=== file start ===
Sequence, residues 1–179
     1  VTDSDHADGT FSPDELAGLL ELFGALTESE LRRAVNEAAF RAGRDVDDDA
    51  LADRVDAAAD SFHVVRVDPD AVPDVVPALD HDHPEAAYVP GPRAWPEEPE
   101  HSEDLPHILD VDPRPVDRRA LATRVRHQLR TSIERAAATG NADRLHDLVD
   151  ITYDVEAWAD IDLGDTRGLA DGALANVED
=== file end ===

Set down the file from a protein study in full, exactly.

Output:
Sequence, residues 1–179
     1  VTDSDHADGT FSPDELAGLL ELFGALTESE LRRAVNEAAF RAGRDVDDDA
    51  LADRVDAAAD SFHVVRVDPD AVPDVVPALD HDHPEAAYVP GPRAWPEEPE
   101  HSEDLPHILD VDPRPVDRRA LATRVRHQLR TSIERAAATG NADRLHDLVD
   151  ITYDVEAWAD IDLGDTRGLA DGALANVED